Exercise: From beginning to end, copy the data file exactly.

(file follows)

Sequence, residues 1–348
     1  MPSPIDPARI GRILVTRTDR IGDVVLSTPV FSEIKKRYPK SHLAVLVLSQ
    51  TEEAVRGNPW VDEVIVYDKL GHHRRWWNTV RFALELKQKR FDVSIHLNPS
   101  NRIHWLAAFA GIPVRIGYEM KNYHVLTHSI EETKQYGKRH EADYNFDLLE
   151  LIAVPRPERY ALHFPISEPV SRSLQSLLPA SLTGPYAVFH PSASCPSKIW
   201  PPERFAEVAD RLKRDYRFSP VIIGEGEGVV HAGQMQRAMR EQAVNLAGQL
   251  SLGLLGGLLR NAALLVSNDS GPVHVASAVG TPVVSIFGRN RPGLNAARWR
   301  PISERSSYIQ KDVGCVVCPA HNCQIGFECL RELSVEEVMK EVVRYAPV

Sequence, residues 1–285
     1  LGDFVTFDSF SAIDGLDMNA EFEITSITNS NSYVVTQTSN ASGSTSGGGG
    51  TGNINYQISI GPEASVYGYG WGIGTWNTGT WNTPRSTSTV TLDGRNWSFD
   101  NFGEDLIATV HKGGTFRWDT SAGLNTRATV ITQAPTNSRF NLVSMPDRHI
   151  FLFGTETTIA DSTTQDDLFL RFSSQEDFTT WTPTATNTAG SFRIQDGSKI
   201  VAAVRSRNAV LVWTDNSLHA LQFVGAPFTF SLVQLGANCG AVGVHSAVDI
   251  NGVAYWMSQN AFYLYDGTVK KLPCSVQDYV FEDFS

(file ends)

Sequence, residues 1–348
     1  MPSPIDPARI GRILVTRTDR IGDVVLSTPV FSEIKKRYPK SHLAVLVLSQ
    51  TEEAVRGNPW VDEVIVYDKL GHHRRWWNTV RFALELKQKR FDVSIHLNPS
   101  NRIHWLAAFA GIPVRIGYEM KNYHVLTHSI EETKQYGKRH EADYNFDLLE
   151  LIAVPRPERY ALHFPISEPV SRSLQSLLPA SLTGPYAVFH PSASCPSKIW
   201  PPERFAEVAD RLKRDYRFSP VIIGEGEGVV HAGQMQRAMR EQAVNLAGQL
   251  SLGLLGGLLR NAALLVSNDS GPVHVASAVG TPVVSIFGRN RPGLNAARWR
   301  PISERSSYIQ KDVGCVVCPA HNCQIGFECL RELSVEEVMK EVVRYAPV

Sequence, residues 1–285
     1  LGDFVTFDSF SAIDGLDMNA EFEITSITNS NSYVVTQTSN ASGSTSGGGG
    51  TGNINYQISI GPEASVYGYG WGIGTWNTGT WNTPRSTSTV TLDGRNWSFD
   101  NFGEDLIATV HKGGTFRWDT SAGLNTRATV ITQAPTNSRF NLVSMPDRHI
   151  FLFGTETTIA DSTTQDDLFL RFSSQEDFTT WTPTATNTAG SFRIQDGSKI
   201  VAAVRSRNAV LVWTDNSLHA LQFVGAPFTF SLVQLGANCG AVGVHSAVDI
   251  NGVAYWMSQN AFYLYDGTVK KLPCSVQDYV FEDFS